The Commodities Crash and Its Effect on Ponzi Schemes

Photo of Charles Ponzi, Courtesy of Wikipedia.com

The Calgary Herald published an article on December 31, 2015 about Wade Robert Closson from St. Albert, AB. He was fined $1 million by the Alberta Securities Commission (ASC) for a fraud in which he raised $10.8 million from 125 investors with a promise of 18 per cent annual returns. In addition to the fine he was permanently banned from trading securities or acting as an officer of an issuing company.

According to paragraph 10 of the decision by the ASC “…Closson diverted money to “uses not authorized by investors”, including using “approximately $5.6 million” of new investor money to pay returns to other investors, applying “approximately $3.9 million” for projects “outside the scope of the express or implied purpose of the investments”, and removing “at least approximately $800,000 for his own use“. It was in effect a fraud and a Ponzi scheme. The full decision released by the ASC is available on their website.

The decline in the prices of oil and other commodities creates an environment where investors may be more cautious about investing in exotic opportunities. Also their fears about their own employment prospects, or the future of their business may encourage them to withdraw from investments that they are already involved with.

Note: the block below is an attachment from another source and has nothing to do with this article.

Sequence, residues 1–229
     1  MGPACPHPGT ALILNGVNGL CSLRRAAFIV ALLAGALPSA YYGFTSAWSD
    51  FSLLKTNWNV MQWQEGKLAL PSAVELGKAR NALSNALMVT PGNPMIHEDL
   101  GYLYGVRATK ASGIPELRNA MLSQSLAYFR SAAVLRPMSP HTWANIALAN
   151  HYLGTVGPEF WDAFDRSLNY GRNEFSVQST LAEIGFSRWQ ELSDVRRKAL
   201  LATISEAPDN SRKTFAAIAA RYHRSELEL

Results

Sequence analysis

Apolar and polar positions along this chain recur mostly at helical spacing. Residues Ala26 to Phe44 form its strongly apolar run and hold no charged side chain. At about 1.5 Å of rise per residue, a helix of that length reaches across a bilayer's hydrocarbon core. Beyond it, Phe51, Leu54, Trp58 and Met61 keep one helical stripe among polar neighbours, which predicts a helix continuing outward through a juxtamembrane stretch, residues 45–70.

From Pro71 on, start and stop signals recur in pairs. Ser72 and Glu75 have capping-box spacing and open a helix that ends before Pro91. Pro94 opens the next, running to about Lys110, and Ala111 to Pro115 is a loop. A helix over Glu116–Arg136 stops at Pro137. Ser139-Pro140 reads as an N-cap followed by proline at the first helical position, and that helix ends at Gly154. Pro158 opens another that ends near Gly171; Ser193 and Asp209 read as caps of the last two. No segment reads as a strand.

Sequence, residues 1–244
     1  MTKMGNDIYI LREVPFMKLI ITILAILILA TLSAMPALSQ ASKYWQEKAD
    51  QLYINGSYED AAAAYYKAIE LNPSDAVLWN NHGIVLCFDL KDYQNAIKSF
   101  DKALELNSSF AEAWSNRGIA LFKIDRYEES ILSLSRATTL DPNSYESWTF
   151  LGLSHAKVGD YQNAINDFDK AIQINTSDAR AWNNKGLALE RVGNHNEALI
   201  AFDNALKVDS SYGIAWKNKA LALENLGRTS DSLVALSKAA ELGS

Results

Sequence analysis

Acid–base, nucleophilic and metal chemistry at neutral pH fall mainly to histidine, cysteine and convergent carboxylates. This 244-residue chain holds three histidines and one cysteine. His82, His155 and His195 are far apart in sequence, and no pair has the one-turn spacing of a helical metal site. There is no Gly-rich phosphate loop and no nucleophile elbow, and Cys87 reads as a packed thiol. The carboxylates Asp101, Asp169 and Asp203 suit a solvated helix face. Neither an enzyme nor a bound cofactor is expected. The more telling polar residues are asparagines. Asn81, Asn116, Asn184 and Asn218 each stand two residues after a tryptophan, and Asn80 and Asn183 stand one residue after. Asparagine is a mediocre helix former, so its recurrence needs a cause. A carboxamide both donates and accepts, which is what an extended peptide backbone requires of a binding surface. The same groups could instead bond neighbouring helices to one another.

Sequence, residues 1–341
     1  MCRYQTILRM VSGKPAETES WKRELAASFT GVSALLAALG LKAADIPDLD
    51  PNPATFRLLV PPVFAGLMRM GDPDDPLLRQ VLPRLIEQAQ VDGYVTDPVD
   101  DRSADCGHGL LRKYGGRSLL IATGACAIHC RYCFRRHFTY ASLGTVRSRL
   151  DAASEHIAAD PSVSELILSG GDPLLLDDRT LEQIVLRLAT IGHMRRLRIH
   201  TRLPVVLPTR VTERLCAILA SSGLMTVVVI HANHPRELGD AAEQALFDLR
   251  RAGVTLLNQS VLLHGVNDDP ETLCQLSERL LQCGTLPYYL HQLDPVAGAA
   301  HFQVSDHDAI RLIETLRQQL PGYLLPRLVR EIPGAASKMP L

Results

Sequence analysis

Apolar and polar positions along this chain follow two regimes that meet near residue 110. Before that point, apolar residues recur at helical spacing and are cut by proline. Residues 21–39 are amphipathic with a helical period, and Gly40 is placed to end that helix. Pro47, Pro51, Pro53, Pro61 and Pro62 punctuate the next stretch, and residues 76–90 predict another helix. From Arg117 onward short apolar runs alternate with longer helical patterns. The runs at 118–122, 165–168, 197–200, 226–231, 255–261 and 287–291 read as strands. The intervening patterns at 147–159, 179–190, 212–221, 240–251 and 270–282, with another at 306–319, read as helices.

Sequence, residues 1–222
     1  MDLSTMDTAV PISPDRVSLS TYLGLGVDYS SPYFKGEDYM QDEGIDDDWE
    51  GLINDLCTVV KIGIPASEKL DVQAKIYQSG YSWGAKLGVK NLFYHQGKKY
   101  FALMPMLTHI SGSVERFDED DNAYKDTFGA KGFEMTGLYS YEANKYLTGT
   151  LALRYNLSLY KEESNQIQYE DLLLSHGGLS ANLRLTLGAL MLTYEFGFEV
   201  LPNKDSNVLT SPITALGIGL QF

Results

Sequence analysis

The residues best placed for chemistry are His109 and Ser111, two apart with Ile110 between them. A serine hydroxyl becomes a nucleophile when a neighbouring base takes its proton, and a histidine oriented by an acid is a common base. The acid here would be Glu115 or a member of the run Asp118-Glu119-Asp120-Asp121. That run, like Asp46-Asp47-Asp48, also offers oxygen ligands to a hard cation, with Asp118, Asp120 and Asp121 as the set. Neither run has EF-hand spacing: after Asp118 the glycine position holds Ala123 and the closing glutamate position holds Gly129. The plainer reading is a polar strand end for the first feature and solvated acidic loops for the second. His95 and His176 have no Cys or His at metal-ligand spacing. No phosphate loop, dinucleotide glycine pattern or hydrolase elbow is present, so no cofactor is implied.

What does that mean for Ponzi schemes? It means more draws by investors which will put a lot of pressure on the people running the schemes to come up with new investor funds to satisfy those draws from their current investors. The challenge they will face is that there are fewer new investors to invest due to the fear described above. The economic and psychological conditions are right for a large number of these schemes to collapse. That in turn will lead to more insolvencies, a greater number of law suits, and potentially more criminal and securities enforcement actions.

Alternatively, investors may search for non-traditional investments in order to secure higher returns than what they’re able to get from the stock market. To be sure there will be Ponzi schemes perpetrated, but not likely the volume that has occurred in recent years when there was more investor money available.

This isn’t just going to affect commodity investment schemes. Due to the wealth created in Alberta and other commodity based economies in the last decade investors had extra cash to invest. For example, housing prices rose drastically which created many opportunities for mortgage investment schemes, including the aforementioned Closson case.